I’ve always been curious about networks. I remember opening up an old Linksys Router and discovering the physical circuit, the processor and integrated memory.
But my official networking life didn’t start until my coworker taught me the basics of routing. The first thing I learned was how to log in and enter commands within the command line. The second was CRC errors. These small lessons peaked my interest and by the following week I was digging in and researching how the devices worked. The first Cisco device I had the pleasure to meet was a Catalyst 6500.
I had no idea what I was doing, but I was eager to learn. Software verses firmware, “.bin”’ extensions, encapsulation, connections from LAN to WAN, wiring. The more I researched, the more I liked it and realized this was what I really wanted to do.
The Journey Continues
My networking life continued in Network Support. I remember open tickets, contact carriers that I had never heard of asking me to provide the exact time of the bounce, grabbing logs, demarcation, follow-up, monitoring for 48 hours straight. I felt like a father watching over his son, feeding him and making sure he was safe and secure.
Top 2 Networking Emergency Moments:
A carrier went down during business hours, due to an OC-48 card crashing in London. Half of our clients were affected
An undersea fiber broke, affecting Asia, the Middle East and Europe (Sea-ME-WE 4). I still remember its name
What I Learned
Through the years I’ve learned how to design, implement, monitor and troubleshoot network related issues, but I’m still learning and discovering every day. For instance, I’ve learned how to study in English. I enjoy the learning process, but early on it was all in Spanish. The transition to English was kind of scary.
I’ve also discovered pleasant surprises about Cisco. Sandra Lerner, one of the Cisco creators back in 1984, lives in Northern Virginia not far from when I used to live. And one of the DUAL Algorithm creators is a Mexican teacher, named J.J Garcia-Luna-Aceves. DUAL is the Algorithm used by Cisco in the EIGRP routing protocol.
Now that I’m in the networking world, I see my future clearly. I’m still deciding about my area of focus -- Security, Routing and Switching Wi-Fi, etc., but I keep learning and adsorbing. At some point, I would like to teach about networking.
What have you learned on your networking journey? What’s your top networking emergency moment?
Cisco Instant Access is a concept that was launched at Cisco Live Orlando last year. For those of you familiar with the Nexus product line, think Fabric Extender (FEX). The first customers are starting to implement this concept now. The whole point of Instant Access is explained with the picture below.
To the left is the traditional network with multiple access switches located in closets, uplinked to the distribution layer or straight to the core in a collapsed core design. Every access switch is a point of management which needs configuration, software maintenance and feature compatibility with other access switches. Read More »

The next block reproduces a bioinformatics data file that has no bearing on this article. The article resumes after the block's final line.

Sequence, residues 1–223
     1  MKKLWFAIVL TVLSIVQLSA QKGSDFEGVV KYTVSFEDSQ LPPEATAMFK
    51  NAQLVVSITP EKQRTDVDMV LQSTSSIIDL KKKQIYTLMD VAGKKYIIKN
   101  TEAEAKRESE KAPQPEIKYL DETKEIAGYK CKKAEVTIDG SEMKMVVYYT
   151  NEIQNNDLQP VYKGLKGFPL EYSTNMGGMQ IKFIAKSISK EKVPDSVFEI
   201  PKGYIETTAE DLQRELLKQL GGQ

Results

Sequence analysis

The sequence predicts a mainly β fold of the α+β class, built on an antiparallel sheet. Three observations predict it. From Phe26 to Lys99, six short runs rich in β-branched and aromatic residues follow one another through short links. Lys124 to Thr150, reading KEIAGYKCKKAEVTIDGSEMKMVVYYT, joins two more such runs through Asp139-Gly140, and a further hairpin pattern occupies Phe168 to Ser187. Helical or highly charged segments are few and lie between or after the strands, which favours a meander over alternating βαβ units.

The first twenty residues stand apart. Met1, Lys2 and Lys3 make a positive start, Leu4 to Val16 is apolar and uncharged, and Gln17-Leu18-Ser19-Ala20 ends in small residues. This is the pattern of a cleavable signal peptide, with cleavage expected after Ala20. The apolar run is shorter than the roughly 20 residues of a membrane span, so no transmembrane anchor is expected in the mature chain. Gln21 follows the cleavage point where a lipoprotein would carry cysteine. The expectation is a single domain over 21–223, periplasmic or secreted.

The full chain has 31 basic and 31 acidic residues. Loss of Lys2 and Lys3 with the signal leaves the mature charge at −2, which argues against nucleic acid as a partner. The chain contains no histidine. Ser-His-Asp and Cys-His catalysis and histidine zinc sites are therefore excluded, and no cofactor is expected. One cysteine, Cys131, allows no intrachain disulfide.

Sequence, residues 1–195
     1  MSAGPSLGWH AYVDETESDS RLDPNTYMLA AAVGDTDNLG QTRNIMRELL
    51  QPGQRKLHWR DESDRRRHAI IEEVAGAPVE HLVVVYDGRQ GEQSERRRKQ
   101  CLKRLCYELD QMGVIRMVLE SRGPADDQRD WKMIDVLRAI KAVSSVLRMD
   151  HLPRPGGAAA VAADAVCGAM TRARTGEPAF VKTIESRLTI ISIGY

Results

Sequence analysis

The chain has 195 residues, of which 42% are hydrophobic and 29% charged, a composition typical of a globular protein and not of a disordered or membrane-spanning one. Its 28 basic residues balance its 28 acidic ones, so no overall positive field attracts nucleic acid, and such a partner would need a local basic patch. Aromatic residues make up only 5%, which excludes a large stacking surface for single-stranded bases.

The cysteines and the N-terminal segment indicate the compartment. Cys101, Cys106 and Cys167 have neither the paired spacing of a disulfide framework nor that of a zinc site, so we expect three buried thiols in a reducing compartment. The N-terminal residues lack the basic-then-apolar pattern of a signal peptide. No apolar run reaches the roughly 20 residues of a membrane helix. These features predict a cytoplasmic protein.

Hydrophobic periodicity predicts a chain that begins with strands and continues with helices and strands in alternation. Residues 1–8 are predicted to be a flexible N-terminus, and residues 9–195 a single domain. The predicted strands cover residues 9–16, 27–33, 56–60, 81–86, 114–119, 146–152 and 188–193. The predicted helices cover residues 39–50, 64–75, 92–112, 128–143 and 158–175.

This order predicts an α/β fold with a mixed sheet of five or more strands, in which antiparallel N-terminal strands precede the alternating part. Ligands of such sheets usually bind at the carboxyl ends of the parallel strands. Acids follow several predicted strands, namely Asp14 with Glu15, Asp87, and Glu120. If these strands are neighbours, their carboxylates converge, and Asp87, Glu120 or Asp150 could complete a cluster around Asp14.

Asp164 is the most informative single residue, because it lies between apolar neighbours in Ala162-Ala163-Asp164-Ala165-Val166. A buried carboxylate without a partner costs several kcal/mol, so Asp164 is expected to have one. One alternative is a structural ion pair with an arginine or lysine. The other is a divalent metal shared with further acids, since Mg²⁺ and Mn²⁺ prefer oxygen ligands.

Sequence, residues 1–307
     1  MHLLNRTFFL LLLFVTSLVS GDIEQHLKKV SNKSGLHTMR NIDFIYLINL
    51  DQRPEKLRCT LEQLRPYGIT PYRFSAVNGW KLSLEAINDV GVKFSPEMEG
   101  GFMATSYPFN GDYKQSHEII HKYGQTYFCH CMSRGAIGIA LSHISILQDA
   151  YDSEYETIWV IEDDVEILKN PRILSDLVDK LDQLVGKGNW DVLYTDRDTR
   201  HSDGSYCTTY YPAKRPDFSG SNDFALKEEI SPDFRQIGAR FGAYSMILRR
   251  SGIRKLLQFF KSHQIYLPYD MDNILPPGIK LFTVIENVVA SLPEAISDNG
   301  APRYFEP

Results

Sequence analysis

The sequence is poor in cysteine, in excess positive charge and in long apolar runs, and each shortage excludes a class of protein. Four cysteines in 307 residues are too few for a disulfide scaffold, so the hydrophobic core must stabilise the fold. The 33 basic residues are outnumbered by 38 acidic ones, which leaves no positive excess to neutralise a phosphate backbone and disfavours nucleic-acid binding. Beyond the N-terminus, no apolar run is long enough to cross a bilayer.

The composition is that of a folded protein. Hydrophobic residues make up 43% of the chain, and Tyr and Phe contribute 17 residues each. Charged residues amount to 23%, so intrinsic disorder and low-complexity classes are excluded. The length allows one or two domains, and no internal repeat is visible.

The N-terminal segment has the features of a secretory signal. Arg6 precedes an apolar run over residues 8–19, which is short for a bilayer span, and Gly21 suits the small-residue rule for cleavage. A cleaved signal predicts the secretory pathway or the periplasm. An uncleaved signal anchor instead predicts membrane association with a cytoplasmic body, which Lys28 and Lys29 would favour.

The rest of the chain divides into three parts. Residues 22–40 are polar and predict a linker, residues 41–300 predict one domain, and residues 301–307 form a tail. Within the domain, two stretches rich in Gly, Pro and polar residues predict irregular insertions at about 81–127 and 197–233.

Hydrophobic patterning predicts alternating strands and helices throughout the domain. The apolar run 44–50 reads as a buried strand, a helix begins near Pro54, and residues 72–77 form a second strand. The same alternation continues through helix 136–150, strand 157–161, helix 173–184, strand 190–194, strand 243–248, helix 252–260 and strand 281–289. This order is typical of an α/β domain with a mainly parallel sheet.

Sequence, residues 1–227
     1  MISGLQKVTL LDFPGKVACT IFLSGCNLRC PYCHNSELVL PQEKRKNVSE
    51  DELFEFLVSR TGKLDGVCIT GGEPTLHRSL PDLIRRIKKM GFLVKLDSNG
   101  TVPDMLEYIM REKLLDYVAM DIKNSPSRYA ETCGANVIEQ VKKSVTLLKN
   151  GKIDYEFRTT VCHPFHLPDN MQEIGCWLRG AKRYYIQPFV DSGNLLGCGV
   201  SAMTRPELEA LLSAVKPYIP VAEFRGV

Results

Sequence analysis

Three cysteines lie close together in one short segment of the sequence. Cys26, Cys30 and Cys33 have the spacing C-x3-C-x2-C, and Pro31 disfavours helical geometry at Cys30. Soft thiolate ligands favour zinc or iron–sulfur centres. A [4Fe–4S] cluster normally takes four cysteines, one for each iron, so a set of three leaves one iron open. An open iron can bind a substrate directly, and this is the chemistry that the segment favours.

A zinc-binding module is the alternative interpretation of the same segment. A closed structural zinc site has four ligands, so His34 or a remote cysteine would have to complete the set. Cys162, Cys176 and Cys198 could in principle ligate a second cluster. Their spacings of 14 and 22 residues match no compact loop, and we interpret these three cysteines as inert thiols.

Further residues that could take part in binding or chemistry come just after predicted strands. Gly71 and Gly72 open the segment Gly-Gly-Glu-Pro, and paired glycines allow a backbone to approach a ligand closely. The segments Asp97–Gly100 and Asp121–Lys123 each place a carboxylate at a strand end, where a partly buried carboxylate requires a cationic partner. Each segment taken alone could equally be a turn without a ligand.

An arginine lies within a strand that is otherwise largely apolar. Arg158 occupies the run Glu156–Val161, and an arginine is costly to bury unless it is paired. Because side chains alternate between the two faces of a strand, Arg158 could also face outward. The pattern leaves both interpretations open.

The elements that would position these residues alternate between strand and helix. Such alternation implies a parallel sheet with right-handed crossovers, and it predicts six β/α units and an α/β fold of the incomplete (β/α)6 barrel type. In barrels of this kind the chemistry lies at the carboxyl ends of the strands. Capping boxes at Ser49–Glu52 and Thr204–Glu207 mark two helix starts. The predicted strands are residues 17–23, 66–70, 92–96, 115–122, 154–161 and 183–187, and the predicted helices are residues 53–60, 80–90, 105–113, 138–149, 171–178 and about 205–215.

I am pleased to announce that Catalyst 6807-XL and 6880-X are shipping now! Launched at Cisco Live Orlando this year, Cisco Catalyst 6800 Series Switches are programmable campus backbone switches optimized for 10/40/100 Gigabit Ethernet services. They are built for rich 10/40/100G services for BYOD & collaboration, support programmability and simplicity, and have the DNA of Catalyst 6500.
Catalyst 6807-XL is a modular seven-slot switch with up to 880 gigs per slot and 11.4 terabits per second of switching capacity. Catalyst 6880-X is an 80 x 1/10G portsswitch in compact form factor with advanced campus services. Catalyst 6800ia is a stackable access switch built for Catalyst Instant Access that started shipping in October.
Cisco will host a live backbone switching webcast on Wed Dec 4, 2013 to discuss BYOD, mobility, security and how Cisco backbone switching addresses these customer needs. This is the second webcast in the Cisco switching webcast series. You can view the first one, Cisco access switching webcast, at any time as it is now an on-demand video.
This backbone switching webcast comes at a critical time, as BYOD and mobility are creating major impact to the workplace. According to a recent study on BYOD and mobility,
75% of employees think that the IT department should help secure personal devices used at work;
63% of IT pros say the biggest network issue will be the increased bandwidth requirements;
39% of them say that network latency is a problem because of mobile devices;
And 39% of them have seen serious issues tied to network performance as a result.
There are a lot of great technologies that have outstanding business benefits but are not widely deployed. For example, 802.1X for wired networks can determine appropriate network access based on user identity and additional contextual information. The technology is already built into the network to help customers improve their network security. If you ask your peers in the industry, however, you may hear that many of them have not turned on 802.1X on their switching network. Why? Depending on who you ask, you might get different answers from different people. But one common response is that IT staff is too busy with so many burning issues on their network so they don’t have time for something like 802.1X. It’s not just about this technology. They never have enough time to do testing, troubleshooting and configuration changes. That’s why any solutions that can help simplify and streamline networks and IT operations will go a long way. Read More »